The connection between the glass and the window frame contributes significantly to the heat loss of a window. This is measured separately from the frame or glass U-Values because the heat loss at this location is often much greater. It can vary widely based on the type of material used to keep the glass in place and the glass/frame combination. For multi-pane windows (such as double or triple pane windows) a material known as a “spacer” keeps the frames separated and adds structure to the glazing unit. The “Psi-spacer” and “U-edge” are two different measures of the heat flow at this juncture, the first used in ISO calculations and the second used by NFRC. At this point you might be wondering about the difference between a Psi-Value and a U-value.

Recap: Psi-value vs. U-Value

First, Psi, the written version of the Greek letter 𝚿 and a Psi-Value (or 𝚿-Value) is a measurement of heat loss per unit of linear distance. U-Value is the measurement of heat loss per unit area. The units of a Psi-Value are expressed as Btu/ft/hr/oF (notice “ft” instead of “ft2”). A Psi-Value typically accounts for the additional heat loss that occurs at the connection between two materials. You simply multiply the Psi-Value by the length of the connection for the total heat loss, similar to how you multiply a U-Value by the area of a material to calculate total heat loss. In the ISO/Passive House method, a Psi-Value is used to estimate the heat loss at the glass edge/spacer as well as the heat loss at the frame to wall connection.  For NFRC calculations, only U-Values are used.

Passive House Taking it One Step Further: Evaluating the Window Installation Detail

An important note is that Passive House certification requires one additional step when modeling windows that is not used in most standards/energy modeling tools. This is the process of accounting for the additional heat loss at the juncture between the frame and the wall by calculating what is called the “Psi-Install.” This is one of the aspects of Passive House certification that makes it so robust – it forces you to thoughtfully design and evaluate how your windows will be installed from early on in the project. Typically, the Passive House consultant will work with the design team to create good details that over-insulate to reduce heat loss around the frame. Then the Passive House consultant will model this detail in a heat flow modeling tool, such as THERM, to quantify the linear heat loss (or Psi-Value). This additional heat loss is incorporated into the final window U-Value (the “installed” U-Value) used for energy modeling, but it is not typically referenced outside of the energy modeling process.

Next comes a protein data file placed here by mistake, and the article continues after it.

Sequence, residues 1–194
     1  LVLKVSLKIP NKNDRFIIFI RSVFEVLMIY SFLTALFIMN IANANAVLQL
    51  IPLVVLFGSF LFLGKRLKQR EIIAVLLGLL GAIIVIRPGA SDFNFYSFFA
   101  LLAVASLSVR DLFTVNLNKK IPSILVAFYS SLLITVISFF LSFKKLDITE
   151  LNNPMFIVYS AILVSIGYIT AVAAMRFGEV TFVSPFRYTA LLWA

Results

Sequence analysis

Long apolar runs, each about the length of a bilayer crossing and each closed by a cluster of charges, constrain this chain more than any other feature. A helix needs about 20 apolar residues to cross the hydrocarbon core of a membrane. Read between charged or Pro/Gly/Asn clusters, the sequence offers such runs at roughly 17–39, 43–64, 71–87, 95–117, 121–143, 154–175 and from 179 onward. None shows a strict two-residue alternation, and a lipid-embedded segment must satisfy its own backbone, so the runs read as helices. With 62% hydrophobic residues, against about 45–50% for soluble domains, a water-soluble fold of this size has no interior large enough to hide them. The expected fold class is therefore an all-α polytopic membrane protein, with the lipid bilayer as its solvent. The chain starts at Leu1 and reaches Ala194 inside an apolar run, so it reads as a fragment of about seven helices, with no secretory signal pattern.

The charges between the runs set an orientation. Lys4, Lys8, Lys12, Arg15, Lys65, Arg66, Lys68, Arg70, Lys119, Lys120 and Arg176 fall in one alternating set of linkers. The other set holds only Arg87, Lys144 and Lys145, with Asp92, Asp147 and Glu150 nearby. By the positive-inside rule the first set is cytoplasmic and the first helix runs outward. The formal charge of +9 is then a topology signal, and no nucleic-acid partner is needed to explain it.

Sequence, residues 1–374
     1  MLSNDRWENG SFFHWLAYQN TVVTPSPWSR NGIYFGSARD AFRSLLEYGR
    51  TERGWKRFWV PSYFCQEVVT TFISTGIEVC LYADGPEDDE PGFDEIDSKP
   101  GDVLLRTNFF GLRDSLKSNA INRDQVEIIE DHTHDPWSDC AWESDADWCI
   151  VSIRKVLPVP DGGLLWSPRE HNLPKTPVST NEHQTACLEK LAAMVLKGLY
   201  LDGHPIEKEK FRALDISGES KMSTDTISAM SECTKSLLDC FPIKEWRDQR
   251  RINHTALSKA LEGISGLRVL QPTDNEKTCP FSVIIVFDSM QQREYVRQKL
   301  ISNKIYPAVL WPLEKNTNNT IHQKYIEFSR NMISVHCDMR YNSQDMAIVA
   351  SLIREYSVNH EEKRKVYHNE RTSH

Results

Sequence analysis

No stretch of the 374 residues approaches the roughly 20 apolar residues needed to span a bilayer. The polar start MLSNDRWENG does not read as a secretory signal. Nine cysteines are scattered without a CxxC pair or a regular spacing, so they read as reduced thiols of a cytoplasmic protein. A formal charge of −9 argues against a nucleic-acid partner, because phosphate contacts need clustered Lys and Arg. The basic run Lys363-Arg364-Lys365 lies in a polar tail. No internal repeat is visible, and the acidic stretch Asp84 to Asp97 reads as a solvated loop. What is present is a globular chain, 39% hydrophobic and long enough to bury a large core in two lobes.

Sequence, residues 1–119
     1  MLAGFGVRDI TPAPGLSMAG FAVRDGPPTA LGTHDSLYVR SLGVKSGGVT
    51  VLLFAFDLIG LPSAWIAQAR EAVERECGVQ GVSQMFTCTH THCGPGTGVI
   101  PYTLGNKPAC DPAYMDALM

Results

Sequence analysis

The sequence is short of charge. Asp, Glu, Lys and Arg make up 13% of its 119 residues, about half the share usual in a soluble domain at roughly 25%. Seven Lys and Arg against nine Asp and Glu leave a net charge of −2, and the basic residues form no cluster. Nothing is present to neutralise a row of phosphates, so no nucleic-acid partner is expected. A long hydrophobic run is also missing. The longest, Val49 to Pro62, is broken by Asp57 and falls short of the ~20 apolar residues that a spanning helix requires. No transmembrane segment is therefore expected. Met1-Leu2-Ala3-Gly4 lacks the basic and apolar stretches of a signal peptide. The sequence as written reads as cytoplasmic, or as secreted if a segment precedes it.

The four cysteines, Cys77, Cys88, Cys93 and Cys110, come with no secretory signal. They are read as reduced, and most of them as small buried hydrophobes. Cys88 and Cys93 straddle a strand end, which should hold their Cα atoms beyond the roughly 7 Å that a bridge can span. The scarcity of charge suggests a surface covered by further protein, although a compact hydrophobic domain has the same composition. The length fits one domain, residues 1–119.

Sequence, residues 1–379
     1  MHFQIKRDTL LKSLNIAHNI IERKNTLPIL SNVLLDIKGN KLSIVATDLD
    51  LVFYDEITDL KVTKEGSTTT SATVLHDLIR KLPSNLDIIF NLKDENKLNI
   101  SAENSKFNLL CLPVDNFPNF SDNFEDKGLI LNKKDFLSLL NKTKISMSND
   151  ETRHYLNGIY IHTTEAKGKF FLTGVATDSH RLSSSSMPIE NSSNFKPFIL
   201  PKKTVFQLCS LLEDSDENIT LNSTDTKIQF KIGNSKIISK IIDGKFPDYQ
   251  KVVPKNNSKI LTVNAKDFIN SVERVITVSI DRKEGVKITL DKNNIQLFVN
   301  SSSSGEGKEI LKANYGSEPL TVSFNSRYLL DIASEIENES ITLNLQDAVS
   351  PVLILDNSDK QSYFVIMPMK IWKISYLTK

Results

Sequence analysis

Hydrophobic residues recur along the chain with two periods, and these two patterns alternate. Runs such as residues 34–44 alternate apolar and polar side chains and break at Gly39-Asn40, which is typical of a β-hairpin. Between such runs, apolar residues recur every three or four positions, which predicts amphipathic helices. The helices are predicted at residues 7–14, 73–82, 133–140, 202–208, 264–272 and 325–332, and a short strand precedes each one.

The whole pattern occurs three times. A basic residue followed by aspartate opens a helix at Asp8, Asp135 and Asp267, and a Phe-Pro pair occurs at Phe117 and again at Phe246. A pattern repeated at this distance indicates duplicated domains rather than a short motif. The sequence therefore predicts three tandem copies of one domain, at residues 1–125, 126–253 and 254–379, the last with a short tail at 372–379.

Figure 1 compares the individual components calculated by each standard and how they generate a whole window U-Value as well as a whole window installed U-Value. As described above, if you are referencing an NFRC value, it is likely the whole window U-Value, however with ISO you are likely referencing the components (noted by the boxes highlighted in green). The addition of the Psi-Install is unique to Passive House certification.

 

Figure 1: Comparison of NFRC and ISO/Passive House Window Heat Loss Metrics (*Click on photo to expand)

Solar Heat Gain – Just the Glass or the Whole Window?

Figure 2 summarizes the main critical difference between NFRC values for SHGC and the g-value used in Passive House modeling. (Note that g-value is the total solar transmittance, proportion of the solar energy available for the room). Similar to the whole window U-Value concept, the SHGC is typically a “whole window” value, while the g-value is specific to the glass itself and does not include the frame. This may seem like a small difference, but it is critical for energy modeling. Since frames are typically opaque and only allow a small fraction of solar heat to transfer through them, including frames in this calculation will result in a much lower fraction (up to 50% lower) than a “center of glass” g-value for the same window.

Figure 2: Comparison of NFRC and ISO/Passive House Window Solar Heat Gain Metrics (*Click on photo to expand)

Calculation Differences